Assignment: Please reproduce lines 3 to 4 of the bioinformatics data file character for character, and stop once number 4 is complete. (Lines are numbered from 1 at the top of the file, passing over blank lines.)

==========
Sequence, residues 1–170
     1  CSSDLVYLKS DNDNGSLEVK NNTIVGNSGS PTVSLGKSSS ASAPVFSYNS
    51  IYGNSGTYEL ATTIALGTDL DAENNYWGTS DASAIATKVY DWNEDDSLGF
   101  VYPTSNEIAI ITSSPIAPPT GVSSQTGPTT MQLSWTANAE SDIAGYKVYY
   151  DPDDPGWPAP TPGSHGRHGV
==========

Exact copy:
    51  IYGNSGTYEL ATTIALGTDL DAENNYWGTS DASAIATKVY DWNEDDSLGF
   101  VYPTSNEIAI ITSSPIAPPT GVSSQTGPTT MQLSWTANAE SDIAGYKVYY